Week 5 - Project Week: Zika Mission Control

Zika Mission Control

Throughout this class we will build on the Zika Mission Control project every single project week.

This project will be our chance to practice the concepts we learned in the previous instruction week.

Each week we will have a list of requirements that we will need to build into our project.

Project Overview

The Zika Mission Control dashboard will be a Spring web application. It will display an interactive map from Open Street Maps (OSM). The map will present a layer of features that represent an outbreak of Zika. Each representation of a Zika report will be clickable, and upon a click event the user will see more information about that specific report.

Each week we will build on our currently existing project, so it is crucial to finish the primary objectives for each project week!

Here is a mockup of the application you will be building.


Project Requirements

Following are the requirements from our stakeholders, and our tech team.

Stakeholder Requirements

  • Zika Reports, that are currently stored in CSV files, need to be stored in a relational database.
  • Zika Reports need to be geographically displayed on an interactive map.
  • Zika Reports are clickable: upon clicking a report more information about that report is displayed.

Technical Requirements

  • Version Control: Code base is managed with Git, and a remote repository is hosted on GitLab.
  • TDD: Tests are to be written before features are implemented.
  • Unit Testing: All Java models need to be tested.
  • Integration Testing: All Spring controllers, and JpaRepositories need to be tested.
  • Datastore: PSQL/PostGIS need to be used as the primary data store for the Zika reports.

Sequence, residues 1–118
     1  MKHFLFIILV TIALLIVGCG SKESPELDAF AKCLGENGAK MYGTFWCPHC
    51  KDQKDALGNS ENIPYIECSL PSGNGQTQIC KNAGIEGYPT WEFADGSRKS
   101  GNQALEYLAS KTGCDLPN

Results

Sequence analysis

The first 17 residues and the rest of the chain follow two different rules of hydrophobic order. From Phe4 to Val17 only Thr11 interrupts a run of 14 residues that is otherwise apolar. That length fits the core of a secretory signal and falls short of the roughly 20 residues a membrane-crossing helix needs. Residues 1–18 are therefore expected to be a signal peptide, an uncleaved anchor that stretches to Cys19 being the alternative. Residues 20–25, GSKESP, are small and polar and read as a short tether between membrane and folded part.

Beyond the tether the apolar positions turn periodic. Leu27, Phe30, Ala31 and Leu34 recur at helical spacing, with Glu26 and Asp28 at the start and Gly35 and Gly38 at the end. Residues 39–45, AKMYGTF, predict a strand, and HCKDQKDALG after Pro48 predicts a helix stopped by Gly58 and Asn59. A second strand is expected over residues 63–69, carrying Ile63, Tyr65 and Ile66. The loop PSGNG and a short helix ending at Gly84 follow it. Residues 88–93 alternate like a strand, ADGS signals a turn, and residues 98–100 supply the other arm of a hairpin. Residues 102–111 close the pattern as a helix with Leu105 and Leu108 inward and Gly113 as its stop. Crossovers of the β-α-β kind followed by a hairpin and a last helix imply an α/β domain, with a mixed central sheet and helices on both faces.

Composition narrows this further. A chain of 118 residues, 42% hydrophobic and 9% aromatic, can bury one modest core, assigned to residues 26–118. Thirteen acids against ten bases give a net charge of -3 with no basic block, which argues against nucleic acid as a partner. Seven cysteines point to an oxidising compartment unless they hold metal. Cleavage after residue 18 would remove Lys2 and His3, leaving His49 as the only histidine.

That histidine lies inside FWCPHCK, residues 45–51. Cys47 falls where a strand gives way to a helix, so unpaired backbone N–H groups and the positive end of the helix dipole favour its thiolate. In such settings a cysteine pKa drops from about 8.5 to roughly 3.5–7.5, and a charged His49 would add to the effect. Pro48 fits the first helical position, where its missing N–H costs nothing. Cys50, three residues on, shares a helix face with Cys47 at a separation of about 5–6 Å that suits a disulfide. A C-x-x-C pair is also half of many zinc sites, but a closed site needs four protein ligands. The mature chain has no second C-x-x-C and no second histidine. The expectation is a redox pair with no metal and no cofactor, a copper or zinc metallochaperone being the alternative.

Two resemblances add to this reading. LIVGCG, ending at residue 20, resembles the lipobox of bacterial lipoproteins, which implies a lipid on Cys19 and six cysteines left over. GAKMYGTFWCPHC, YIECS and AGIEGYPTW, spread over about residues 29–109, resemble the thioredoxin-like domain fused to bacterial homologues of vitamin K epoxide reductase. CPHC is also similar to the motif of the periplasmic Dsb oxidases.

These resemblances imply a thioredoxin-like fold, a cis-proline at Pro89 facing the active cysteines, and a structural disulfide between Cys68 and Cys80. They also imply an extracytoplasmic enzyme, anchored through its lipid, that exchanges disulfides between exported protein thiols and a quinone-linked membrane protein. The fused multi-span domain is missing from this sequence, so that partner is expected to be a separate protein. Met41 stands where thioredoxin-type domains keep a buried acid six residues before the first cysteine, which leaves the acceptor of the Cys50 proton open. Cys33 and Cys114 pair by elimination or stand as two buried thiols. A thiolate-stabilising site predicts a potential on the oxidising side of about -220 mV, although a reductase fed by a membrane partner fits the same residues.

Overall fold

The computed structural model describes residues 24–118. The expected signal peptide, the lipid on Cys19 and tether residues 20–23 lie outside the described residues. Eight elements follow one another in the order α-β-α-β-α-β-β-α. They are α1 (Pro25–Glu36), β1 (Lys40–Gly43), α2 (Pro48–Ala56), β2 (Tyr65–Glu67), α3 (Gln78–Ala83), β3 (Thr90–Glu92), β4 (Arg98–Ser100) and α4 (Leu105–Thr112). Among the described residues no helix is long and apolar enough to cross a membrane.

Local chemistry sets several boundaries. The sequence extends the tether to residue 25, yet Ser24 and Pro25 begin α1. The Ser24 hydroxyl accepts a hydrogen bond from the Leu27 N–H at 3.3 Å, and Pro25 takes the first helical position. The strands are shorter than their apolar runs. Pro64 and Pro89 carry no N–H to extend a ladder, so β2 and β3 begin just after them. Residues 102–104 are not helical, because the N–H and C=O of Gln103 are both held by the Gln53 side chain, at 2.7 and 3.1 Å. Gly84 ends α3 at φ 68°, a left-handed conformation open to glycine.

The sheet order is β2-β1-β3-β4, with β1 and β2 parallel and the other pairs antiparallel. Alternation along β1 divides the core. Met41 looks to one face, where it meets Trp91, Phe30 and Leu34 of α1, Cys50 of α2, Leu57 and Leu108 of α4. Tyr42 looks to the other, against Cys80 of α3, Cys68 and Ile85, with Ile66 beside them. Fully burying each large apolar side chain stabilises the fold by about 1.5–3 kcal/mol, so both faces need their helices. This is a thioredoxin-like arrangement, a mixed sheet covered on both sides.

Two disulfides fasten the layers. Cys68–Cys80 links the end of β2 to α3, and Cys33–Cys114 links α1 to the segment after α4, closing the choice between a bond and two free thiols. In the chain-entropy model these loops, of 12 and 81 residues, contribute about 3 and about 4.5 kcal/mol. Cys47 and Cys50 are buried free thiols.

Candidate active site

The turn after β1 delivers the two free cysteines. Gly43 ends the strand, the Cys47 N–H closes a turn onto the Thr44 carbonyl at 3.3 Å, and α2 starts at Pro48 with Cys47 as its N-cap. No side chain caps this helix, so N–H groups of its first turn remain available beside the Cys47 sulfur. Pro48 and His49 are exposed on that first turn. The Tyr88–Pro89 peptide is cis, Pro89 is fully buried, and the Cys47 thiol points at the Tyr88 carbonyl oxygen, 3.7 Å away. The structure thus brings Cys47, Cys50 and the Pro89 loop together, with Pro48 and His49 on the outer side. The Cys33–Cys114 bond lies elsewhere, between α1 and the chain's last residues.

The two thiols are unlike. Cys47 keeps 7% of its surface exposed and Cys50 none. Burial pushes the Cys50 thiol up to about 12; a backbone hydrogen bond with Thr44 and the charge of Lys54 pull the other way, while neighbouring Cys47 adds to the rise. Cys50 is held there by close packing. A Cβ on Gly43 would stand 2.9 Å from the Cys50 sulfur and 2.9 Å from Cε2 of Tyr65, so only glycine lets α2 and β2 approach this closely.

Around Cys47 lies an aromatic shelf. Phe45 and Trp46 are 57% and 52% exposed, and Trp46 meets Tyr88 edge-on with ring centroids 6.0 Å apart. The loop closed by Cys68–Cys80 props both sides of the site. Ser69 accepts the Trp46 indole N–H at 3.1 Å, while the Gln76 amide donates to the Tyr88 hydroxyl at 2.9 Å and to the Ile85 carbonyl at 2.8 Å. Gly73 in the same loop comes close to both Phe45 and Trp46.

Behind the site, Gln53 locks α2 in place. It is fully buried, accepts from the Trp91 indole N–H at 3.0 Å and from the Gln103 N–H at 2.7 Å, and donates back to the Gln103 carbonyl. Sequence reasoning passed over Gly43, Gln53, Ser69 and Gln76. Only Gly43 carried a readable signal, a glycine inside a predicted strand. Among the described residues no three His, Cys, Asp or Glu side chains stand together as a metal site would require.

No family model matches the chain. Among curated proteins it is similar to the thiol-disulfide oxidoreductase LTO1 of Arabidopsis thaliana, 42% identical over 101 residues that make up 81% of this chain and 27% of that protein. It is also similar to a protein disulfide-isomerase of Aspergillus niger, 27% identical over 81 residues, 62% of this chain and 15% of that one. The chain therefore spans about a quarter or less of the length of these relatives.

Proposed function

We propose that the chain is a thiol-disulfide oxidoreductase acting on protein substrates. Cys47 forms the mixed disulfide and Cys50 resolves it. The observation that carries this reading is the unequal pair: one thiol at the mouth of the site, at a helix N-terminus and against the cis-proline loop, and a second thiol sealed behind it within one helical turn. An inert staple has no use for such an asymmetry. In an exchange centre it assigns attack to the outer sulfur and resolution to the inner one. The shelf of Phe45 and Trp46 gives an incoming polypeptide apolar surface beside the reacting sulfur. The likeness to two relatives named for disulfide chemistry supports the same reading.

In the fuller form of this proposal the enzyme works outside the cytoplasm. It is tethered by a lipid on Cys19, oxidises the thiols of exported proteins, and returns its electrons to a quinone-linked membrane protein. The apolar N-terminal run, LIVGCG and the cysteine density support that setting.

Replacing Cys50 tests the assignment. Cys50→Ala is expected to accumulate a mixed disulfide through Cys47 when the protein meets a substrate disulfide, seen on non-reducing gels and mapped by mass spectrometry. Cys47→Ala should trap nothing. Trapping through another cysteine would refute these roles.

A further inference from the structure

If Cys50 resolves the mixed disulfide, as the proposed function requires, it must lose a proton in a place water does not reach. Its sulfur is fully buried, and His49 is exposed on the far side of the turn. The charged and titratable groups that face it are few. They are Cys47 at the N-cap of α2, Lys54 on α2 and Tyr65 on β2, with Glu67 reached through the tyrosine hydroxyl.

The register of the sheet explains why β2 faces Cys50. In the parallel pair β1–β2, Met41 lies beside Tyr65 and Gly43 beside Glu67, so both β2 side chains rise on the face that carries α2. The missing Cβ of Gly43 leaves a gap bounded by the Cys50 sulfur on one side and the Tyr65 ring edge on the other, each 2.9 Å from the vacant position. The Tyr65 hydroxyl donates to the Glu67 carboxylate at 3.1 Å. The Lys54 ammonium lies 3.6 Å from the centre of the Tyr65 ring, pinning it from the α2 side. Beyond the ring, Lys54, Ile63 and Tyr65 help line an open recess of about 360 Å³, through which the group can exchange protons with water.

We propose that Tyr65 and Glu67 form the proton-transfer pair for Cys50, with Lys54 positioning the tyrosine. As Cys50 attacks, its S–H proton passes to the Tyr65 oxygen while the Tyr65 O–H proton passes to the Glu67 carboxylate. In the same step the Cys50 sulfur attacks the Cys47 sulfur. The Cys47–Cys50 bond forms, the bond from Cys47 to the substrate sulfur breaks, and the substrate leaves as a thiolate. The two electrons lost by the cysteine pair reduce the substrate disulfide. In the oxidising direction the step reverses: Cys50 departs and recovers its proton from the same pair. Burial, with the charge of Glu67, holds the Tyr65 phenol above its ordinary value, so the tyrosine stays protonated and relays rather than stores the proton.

• Backend: Java and Spring will be used to handle the HTTP Requests, serve the HTTP Responses.
  • Backend: Java, Spring Data, JPA, and Hibernate will be used to interact with the database.
  • Frontend: HTML, CSS, Javascript, AJAX, and jQuery should be used to work with the Zika report data.
  • Frontend: OpenLayers should be used to load an interactive map from OSM.
  • Frontend: Zika reports should be loaded onto the OpenLayers map as a new feature layer.

There are many ways we could go about building this project, but we must follow the provided requirements.

Primary Objectives

You should complete all primary objectives before working on any secondary objectives.

For your primary objectives, articles have been provided to help you think about what needs to be completed to complete the objective.

  1. Add WMS Layers to the map
  2. Make WMS Layers toggleable on button click
  3. Make a WFS request for a specific date range and display as a layer
  4. Make a WFS request for a different date range and change source of layer
  5. Add a date range selection tool that makes a WFS request based on user input
  1. Create a Spring application, setup Git, and GitLab, configure the database, and prepare IntelliJ.
  2. Display an interactive map from OSM in the browser.
  3. Display Zika reports on the map as red circles.
  4. Clicked Zika reports display more information about the report.

Secondary Objectives